Review: Spooky Sean
You pop in this flick, and the first minute a heavily bearded, scraggly-haired fella shouts towards you with a gun in his hand. Bang, bang! And you think to yourself, damn, this is going to be intense. And then, the rest of the film plays. You get about a half hour of trouble in paradise, a marriage on the rocks, and a young boy caught in the cross fire. And then, the hubby and his wife go to the newly purchased abandoned warehouse he’s bought. They fight, until a mysterious, greasy-haired sketcher appears to chase them. Yes, it’s our scraggly friend from the first few minutes, back to shed some light on his purpose in the film perhaps?
Last Breath began with a lot of potential, which is why it’s such a shame it wasn’t better. An incredibly frenetic performance by Aaron Laue as Dark Figure in its opening minutes sets a pace and ferocity which the rest of the film can’t seem to match. We presented a mixed romantic drama and torture film (some would call it torture porn, but that’s snuff films then, isn’t it?) that oversteps its bounds attempting genre comingling, and manages to merely muddle both.
One major problem has to do with its twist ending. I won’t tell you the twist and take no pride in ruining film endings, but suffice it to say it’s quite silly. It requires a huge leap of faith on the part of the viewer, and while it explains some of the earlier scenes, what is meant to add gravitas to the flick merely makes it seem that much more absurd.
While the performances are adequate in regards to the torture horror aspect from Ty Jones as Michael Johnson, and Mandy Bannon as Tina Johnson, the romance is harder to buy. A lot of the film revolves around the power of Michael and Tina’s love for each other. Except we never really believe said powerful, overwhelming love. Part of this blame surely falls on the script. If we were privy to a few scenes of the couple while they were deeply in love, instead of simply seeing the tail end of their relationship, perhaps the passion would be more evident. I’m just not buying that either of these people would work very hard to save the other if they were set on fire, and merely had to pee their partner out. Not that that’s a scene in the film, though it would have made for exciting viewing.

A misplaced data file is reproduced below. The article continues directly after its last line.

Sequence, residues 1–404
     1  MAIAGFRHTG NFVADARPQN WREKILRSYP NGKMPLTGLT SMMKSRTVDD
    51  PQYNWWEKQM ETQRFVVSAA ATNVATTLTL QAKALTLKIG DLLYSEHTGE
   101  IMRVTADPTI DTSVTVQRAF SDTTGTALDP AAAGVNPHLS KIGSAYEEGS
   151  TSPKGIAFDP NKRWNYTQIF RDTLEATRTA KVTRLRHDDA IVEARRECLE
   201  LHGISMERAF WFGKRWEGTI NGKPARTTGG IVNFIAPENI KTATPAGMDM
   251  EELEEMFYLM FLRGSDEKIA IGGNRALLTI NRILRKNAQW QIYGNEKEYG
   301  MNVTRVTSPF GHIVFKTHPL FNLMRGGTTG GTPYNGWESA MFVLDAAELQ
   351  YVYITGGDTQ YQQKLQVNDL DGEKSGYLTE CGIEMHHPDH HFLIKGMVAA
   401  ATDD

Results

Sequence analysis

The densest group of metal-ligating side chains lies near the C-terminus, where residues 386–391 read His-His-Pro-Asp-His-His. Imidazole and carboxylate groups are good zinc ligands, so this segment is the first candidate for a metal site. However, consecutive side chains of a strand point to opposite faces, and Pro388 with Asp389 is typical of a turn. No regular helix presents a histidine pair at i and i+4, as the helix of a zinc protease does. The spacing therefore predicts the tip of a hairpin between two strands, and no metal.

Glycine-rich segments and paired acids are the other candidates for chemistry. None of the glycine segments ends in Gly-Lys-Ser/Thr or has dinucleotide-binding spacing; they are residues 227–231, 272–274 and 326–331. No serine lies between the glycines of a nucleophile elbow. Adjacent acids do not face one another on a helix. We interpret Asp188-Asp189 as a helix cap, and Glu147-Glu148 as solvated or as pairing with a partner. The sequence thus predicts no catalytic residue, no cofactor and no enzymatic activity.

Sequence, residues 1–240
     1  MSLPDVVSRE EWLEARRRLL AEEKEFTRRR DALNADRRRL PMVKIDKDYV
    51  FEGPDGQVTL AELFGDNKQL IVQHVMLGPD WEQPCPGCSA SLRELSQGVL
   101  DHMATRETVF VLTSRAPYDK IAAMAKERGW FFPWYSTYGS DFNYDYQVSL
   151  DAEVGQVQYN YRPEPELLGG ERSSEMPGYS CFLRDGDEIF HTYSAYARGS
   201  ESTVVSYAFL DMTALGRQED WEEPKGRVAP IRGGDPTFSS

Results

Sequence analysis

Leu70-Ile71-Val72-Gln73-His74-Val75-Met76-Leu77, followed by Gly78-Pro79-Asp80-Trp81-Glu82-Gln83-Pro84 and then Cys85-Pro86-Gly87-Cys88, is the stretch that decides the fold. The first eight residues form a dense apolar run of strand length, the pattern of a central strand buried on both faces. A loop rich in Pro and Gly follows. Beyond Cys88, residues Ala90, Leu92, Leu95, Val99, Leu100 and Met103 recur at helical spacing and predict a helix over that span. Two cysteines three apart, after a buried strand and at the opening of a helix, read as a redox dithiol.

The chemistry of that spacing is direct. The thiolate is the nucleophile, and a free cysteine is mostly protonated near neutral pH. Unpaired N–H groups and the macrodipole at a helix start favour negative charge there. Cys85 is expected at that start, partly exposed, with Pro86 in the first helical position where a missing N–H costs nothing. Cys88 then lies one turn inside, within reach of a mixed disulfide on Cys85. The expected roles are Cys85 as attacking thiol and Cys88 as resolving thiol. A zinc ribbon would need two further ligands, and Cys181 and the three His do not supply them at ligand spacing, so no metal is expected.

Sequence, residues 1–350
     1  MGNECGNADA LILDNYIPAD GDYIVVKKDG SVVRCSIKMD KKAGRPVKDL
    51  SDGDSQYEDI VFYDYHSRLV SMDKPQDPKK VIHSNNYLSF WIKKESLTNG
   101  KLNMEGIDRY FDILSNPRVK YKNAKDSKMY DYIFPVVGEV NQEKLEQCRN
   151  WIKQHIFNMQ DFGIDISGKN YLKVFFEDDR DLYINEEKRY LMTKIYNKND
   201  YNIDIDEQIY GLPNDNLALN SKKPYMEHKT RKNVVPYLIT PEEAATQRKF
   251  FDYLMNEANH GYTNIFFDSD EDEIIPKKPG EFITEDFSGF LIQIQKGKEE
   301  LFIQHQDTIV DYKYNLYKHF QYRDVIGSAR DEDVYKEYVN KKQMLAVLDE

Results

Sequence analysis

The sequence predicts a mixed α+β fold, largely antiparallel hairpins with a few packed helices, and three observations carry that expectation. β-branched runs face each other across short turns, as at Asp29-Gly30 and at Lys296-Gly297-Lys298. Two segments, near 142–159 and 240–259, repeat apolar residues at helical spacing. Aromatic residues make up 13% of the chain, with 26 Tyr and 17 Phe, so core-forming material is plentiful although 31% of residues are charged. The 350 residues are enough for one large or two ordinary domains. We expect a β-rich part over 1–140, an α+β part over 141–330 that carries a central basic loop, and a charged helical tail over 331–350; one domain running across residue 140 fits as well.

The score gets positively Full Moon pictures at times. Vincent Gillioz, sorry, but your score is all over the place. It’s a fun score, quite bouncy at times, but it doesn’t quite seem to fit with scenes of a machine that electrocutes boners. But then, what would?
There is interesting framing in many of the shots. A lot of cool shots of our couple, framed between broken windows. However, any time a rat hopped on screen, it was all but assured an unconvincing scene of rat attack was to commence. It’s tough to fear rats, even a bunch of rats, when they are obviously nowhere near your actor. One shot, rats on ground, next shot, they are magically on her back! Oh no, those rats, which don’t seem to care about that woman in the slightest, are terrorizing her! I guess…
Last Breath is far from a terrible film. It has its tense moments, its creative torture scenarios, and despite how silly it is, the twist ending is hard to guess, and something new for a horror film. Much like a noose too long, the problem comes down to the execution. Despite all of the good things it brings, in the end I wondered, why should I care about these two people? They all but ignore their child (seriously, one big plot hole, who was watching their kid while they were in the warehouse for all those hours?) and they don’t seem to enjoy each other’s company any more.
How many more torture scenarios because of a perceived wrongdoing do I have to sit through in a horror film? Can people just kill each other just to do it again? Not that many films ever allow this type of blissful lack of reasoning. How many thousands of people are murdered in horror films because of silly perceived slights? You let me drown because you were necking, I’m dying of cancer, and you don’t appreciate your life, and now, you were cheating, so now I electrocute your willie.
Honestly, most of what I took from this film is that it wouldn’t be fun to have your penis electrocuted.
I don’t think I needed a visual reiteration of that.
(Sean lives a quiet life, with a world of darkness locked away inside his fevered mind. He grew up in Central Massachusetts. In his free time he writes for his blog www.spookysean.com, and creates fiction your parents wouldn’t approve of.)